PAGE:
Athletes, myocardial fibrosis, scarring of the heart’s muscle
Lions Don’t Buy Nike Running Shoes
Have you ever seen lions running? You bet they run when they’re hungry and chasing prey. The only other time they exercise is at mating season when they’re having sex every 20 minutes! But most of the time they lay around or sleep. Exercise is simply not high on their priority list, and they survive well without buying Nike running shoes.
Questioning the value of exercise to humans, however, is like damning Motherhood and apple pie. But every year in my office I see examples of excessive exercise causing needless injury, and it results in many aggravating problems.
One of my 60 year old female patients decided it was time to build up muscles. So she hired a personal trainer. At each visit, she enthusiastically told me, her trainer praised her strength, and kept adding extra weights for her leg lifts. I advised her not to push her luck. But the weights kept piling on and on. Finally, something in her back snapped. Now she has a partially paralyzed left foot. She should have listened to the old sage who counseled, “Too much of anything can be worse than none at all”. I suggested timidly that, at her age, she wasn’t meant to be a weight lifter.
Another example of overuse is Olympic athletes. On TV screens they appear to be at the peak of physical form, lean, muscled and full of youth. But they all push themselves to extremes, playing through pain and often undergoing multiple operations due to injuries. And some end up with hips and knees like those of people twice their age.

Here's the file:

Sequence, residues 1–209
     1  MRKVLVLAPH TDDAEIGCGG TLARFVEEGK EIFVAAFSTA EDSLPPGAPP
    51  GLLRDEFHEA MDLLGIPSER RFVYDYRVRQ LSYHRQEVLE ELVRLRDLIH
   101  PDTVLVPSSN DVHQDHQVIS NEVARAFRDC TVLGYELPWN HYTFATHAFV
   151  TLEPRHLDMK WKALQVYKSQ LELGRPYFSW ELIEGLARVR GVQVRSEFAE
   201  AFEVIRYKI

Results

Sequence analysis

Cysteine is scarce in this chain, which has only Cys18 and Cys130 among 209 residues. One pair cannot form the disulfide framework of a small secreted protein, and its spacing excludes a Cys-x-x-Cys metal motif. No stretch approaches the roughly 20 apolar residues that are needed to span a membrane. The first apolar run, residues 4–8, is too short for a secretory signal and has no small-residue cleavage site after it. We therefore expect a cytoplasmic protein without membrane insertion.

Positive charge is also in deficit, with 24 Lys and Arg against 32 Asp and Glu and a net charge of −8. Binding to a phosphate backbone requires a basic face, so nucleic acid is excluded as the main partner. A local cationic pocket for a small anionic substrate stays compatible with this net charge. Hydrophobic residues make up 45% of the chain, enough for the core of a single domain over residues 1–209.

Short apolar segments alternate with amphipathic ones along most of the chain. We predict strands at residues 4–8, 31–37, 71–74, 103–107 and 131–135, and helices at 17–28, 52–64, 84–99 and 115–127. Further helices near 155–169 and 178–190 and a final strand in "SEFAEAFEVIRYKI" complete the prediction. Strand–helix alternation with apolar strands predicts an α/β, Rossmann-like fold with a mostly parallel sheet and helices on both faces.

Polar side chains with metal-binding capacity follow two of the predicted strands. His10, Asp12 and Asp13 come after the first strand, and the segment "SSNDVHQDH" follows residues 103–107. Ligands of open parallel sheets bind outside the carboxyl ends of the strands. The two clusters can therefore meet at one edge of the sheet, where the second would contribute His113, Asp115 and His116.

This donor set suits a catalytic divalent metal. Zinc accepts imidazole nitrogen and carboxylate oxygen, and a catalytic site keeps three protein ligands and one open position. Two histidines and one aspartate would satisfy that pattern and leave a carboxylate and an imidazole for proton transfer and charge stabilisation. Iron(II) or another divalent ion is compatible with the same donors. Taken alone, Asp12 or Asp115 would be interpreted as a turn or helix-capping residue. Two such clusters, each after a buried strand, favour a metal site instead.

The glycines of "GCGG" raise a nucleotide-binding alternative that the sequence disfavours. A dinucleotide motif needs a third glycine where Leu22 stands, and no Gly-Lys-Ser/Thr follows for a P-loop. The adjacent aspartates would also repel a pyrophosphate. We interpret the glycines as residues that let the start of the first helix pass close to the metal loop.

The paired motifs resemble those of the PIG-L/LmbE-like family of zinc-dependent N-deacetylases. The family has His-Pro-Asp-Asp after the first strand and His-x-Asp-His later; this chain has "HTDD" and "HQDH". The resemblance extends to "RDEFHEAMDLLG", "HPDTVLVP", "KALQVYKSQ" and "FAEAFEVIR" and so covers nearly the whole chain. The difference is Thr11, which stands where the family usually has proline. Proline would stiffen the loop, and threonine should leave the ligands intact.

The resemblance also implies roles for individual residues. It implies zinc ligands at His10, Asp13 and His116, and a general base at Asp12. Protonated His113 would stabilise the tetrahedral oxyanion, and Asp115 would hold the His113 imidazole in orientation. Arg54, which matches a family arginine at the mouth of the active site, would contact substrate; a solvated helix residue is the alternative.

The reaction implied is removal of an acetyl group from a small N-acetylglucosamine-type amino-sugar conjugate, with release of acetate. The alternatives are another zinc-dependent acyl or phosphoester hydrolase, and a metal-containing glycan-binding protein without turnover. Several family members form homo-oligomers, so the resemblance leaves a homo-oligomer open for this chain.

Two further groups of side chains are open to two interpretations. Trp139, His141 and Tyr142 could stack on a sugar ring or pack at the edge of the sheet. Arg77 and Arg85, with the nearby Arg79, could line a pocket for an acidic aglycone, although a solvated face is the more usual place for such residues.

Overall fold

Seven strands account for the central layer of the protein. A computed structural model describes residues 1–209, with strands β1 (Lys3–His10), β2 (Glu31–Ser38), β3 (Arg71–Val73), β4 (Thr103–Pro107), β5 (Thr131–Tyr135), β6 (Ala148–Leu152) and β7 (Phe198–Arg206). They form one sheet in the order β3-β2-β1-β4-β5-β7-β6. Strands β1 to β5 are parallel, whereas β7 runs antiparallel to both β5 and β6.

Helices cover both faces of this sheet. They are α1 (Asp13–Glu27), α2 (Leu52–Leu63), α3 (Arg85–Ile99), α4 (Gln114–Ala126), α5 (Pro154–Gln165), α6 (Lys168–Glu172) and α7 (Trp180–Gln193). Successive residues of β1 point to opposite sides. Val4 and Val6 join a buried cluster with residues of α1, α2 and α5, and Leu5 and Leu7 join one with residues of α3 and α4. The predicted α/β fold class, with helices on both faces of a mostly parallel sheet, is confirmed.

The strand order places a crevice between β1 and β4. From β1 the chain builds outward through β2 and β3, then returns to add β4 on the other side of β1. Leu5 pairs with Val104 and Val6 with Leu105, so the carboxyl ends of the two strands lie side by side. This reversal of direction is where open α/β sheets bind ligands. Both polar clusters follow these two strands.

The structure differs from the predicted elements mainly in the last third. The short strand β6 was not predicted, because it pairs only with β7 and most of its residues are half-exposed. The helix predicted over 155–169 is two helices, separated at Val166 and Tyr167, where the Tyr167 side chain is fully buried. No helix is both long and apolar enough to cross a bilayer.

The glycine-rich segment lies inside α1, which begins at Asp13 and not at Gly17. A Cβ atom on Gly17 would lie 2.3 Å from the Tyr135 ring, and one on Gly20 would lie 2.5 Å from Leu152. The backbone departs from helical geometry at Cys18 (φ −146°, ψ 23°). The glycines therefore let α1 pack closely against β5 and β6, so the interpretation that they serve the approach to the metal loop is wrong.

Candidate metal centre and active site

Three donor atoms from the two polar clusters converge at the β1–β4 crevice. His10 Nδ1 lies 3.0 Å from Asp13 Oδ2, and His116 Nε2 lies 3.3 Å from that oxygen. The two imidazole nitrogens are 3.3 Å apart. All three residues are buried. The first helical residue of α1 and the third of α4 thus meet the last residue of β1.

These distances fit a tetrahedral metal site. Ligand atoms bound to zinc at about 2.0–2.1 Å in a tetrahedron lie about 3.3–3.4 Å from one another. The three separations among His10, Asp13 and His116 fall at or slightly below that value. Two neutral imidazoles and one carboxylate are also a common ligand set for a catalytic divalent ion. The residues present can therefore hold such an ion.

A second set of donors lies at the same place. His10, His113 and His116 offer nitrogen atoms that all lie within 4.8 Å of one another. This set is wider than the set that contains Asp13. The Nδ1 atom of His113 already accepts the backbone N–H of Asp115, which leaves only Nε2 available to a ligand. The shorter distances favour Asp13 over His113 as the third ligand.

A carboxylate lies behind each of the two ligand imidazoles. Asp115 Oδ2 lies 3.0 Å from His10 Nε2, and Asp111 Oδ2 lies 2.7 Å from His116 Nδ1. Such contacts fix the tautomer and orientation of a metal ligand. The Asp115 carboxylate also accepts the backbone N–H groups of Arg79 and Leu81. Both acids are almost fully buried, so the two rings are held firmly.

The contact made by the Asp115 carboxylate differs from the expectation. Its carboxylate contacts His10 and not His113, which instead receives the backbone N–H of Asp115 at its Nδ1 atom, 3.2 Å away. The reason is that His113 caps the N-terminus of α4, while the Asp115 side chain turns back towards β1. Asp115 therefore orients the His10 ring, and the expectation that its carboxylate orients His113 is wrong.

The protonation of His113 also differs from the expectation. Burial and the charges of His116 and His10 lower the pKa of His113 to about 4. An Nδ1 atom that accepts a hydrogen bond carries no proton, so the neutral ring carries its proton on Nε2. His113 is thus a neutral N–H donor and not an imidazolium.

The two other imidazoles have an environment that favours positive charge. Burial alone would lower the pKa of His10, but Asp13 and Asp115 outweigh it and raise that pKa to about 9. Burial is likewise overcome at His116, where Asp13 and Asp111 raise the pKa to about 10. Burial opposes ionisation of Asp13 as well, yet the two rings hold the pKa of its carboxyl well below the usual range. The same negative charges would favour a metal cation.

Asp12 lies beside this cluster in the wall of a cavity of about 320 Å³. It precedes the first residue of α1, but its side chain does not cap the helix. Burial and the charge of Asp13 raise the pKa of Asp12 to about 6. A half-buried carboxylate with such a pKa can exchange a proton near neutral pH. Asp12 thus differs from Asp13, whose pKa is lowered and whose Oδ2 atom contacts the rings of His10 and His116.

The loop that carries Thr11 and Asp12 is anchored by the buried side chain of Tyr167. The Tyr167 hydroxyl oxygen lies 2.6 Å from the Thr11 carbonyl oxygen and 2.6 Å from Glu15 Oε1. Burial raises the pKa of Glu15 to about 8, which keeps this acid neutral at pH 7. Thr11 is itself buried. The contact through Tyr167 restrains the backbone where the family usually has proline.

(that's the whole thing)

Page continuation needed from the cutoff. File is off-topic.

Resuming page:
Jordan Metzl, of the Sports Medicine Institute for Young Athletes at the Hospital for Special Surgery in New York, says, “You see people 16 years of age with the bones of a 60 to 70 year old person”.
For instance, teenage gymnasts often experience a late puberty due to intense exercise and low body fat. By subjecting themselves to this routine before their bodies are fully developed can lead to lower bone density, osteoporosis and stress fractures.
Marcia Whalen, an osteopathic physician in California, and one of the physicians for the U.S. Women’s Olympic water polo team, says, “When you’re doing any kind of activity repetitively over and over the way these athletes are doing , it’s a set-up for injury”. It’s also a set-up for the rest of us who overdo it.
Myra Cocker, a researcher at the Stephenson Cardiovascular Centre in Calgary, has been using imaging techniques to study athlete’s hearts. It was hoped she and her colleagues would discover why some athletes in superb condition suffer sudden cardiac arrest and die. What they found was equally alarming.
48 Olympic caliber athletes with a mean age of 32 years were enlisted in the study. They were involved in swimming, cross country skiing, skating and marathon running. Contrast-enhanced cardiovascular magnetic resonance scans were then done on the athletes. In addition, the same study was carried out on eight others in good health, but who were not involved in a training schedule.
This study showed that 75 percent of the elite athletes had myocardial fibrosis (scarring of the heart’s muscle). They also had large ventricles (chambers of the heart). At the moment it’s not known what effect this finding will have on longevity. But they believe this scarring will prevent them from ever becoming world champions regardless of how hard they train. Just 13% of the control group had this condition.
Of course I’m not against moderate exercise when so many today are obese couch-potatoes. But I think Abraham Lincoln was right when he said, “The best two doctors are your right leg and your left leg”. Walking, a moderate exercise, is still the best one.
So who wins the race in terms of longevity and good health? I’d place my bet on someone who inherits good genes and who doesn’t ruin good joints and healthy hearts by overuse. My Mother entered her 94th year without ever running one block or doing one push up. But she was thin and active. I doubt that exercise would have added one week to her longevity. And I also don’t believe lions would live any longer if they wore Nike running shoes.
W. Gifford-Jones M.D is the pen name of Dr. Ken Walker graduate of Harvard. Dr. Walker’s website is: docgiff.com.
Dr. Walker can be reached at [firstname.lastname@example.org?bcc=letters@canadafree.